Some of my colleagues in theoretical computer science used to say to me that the Turing Machine model was needed for deep questions such as the complexity hierarchy and NP-completeness theory. Then Lenore Blum, Michael Shub, and Steve Smale [1] formalized the real number model, and showed one can ask the same deep questions as with the Turing Machine model. I don't regard the formalization as very significant; as I said earlier, the real number model has been widely used for decades. Their major achievement was showing the real numbers had the same deep structural questions as were encountered with the Turing machine model. This deprived the Turing Machine model of its unique status.

I've given three reasons in favor of using the real number model for continuous scientific problems. I'll now give two reasons against using the Turing Machine model for scientific computations.

- Estimated running times on a Turing Machine are not predictive of scientific computations on digital computers. As I've said before, scientific computation is usually done with floating point arithmetic. Therefore the cost of arithmetic operations is essentially independent of the size of the operands. On the other hand, the cost of Turing Machine operations depends on operand size.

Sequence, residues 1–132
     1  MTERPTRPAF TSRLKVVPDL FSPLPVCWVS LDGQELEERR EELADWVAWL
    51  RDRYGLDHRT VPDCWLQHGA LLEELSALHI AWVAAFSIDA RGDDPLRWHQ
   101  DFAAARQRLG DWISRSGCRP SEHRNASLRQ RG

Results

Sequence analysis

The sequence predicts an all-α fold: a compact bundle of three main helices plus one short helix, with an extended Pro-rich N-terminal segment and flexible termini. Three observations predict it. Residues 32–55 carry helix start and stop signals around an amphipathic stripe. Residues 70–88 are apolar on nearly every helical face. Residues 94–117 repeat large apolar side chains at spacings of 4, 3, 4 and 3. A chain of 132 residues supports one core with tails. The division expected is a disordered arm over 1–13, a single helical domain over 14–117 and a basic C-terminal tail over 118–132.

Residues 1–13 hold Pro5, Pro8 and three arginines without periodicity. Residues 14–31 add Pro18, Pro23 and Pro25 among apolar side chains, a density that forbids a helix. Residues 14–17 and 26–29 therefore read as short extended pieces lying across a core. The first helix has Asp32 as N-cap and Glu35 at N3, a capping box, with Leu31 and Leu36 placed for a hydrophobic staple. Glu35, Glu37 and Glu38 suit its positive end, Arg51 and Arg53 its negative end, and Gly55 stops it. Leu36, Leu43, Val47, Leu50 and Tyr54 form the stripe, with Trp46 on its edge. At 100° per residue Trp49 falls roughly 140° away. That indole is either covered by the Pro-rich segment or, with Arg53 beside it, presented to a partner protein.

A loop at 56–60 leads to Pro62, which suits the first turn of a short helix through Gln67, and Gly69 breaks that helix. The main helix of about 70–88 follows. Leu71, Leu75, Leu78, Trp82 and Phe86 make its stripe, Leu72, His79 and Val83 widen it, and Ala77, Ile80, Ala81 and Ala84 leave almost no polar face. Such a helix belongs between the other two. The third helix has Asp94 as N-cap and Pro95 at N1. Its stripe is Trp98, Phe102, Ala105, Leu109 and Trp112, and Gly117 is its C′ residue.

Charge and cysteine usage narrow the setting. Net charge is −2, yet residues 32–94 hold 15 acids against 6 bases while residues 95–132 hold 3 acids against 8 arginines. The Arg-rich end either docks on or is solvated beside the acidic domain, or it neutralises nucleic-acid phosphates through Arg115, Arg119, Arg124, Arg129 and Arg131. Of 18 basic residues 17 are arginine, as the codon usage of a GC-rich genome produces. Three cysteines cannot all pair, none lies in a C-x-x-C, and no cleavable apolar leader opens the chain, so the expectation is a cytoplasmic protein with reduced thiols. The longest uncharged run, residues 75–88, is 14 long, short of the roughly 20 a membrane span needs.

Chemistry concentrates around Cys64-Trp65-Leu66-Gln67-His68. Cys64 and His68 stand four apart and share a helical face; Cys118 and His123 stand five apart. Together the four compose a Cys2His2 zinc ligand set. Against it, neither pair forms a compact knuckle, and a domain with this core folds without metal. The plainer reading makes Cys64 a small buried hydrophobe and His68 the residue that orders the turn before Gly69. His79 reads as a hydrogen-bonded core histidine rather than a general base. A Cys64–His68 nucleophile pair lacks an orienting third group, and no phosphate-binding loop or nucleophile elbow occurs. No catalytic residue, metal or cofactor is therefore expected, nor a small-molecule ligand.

- It's often claimed that all models of computation are polynomially equivalent to the Turing Machine model. But consider the example of a random access machine, where multiplication is the basic operation, and memory access and the operations of multiplication and addition can be performed at unit cost. (This is called a UMRAM.) This seems like a reasonable abstraction of a digital computer, since multiplication and addition on floating point numbers cost about the same. But an UMRAM is